Keith Raniere, who ran a cult-like group that kept women as virtual sex prisoners to service him in upstate New York, was sentenced to 120 years in prison on Tuesday. The shadowy group that operated near Albany, N.Y., has been the subject of the HBO docuseries “The Vow.”
Raniere was convicted on federal sex trafficking, racketeering and possession of child pornography charges last year for his role in the alleged sex cult called NXIVM (pronounced “nexium”).
In a jailhouse interview that aired Friday on “Dateline NBC,” Raniere apologized for the “tragedy” and “hurt” he caused victims — but also said that he’s not guilty of any crimes.
“I am innocent,” Raniere said.
“This is a horrible tragedy with many, many people being hurt,” he added. “There is a horrible injustice here. And whether you think I’m the devil or not, the justice process has to be examined.”
It took jurors in Brooklyn just a few hours in June 2019 to convict Raniere. In running a purported self-help organization near Albany, New York, he created a secret sorority called DOS in which female “slaves” turned over compromising materials that were used to blackmail and force them into sex, prosecutors said.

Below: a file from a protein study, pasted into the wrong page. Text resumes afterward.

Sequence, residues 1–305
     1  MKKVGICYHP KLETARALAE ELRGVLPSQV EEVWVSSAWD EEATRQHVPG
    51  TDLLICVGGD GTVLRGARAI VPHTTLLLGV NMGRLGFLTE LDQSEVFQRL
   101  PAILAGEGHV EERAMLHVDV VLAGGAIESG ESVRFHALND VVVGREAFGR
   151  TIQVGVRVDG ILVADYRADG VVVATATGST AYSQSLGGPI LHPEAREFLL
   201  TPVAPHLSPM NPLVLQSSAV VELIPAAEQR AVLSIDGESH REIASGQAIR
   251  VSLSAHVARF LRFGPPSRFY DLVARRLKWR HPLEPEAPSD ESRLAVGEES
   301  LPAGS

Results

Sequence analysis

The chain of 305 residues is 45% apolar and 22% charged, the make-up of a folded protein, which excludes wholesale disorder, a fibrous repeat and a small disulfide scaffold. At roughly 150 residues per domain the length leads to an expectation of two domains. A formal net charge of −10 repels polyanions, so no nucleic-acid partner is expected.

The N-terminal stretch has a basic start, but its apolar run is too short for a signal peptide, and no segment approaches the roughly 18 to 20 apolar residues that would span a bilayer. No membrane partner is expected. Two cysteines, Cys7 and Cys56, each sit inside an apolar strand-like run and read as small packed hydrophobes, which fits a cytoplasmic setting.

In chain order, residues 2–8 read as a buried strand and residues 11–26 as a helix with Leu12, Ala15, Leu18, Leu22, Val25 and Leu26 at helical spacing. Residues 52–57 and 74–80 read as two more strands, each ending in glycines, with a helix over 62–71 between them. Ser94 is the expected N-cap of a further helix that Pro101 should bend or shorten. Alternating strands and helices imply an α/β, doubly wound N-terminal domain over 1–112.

One former NXIVM member, India Oxenberg, daughter of “Dynasty” star Catherine Oxenberg, said once she became ensnared in the group, it was difficult to leave.
“When you’re unaware, it’s so easy to be led astray, especially by people who are masters at manipulation,” Oxenberg told ABC’s “Good Morning America” this month.
NXIVM’s president, Nancy Salzman, her daughter Lauren Salzman, bookkeeper Kathy Russell and Claire Bronfman, the Seagram liquor heiress, have all pleaded guilty to various charges.
Bronfman was a key NXIVM benefactor and sentenced to 81 behind bars. She admitted last year that she harbored someone who was living in the U.S. illegally for unpaid “labor and services” and that she committed credit card fraud on behalf of Raniere.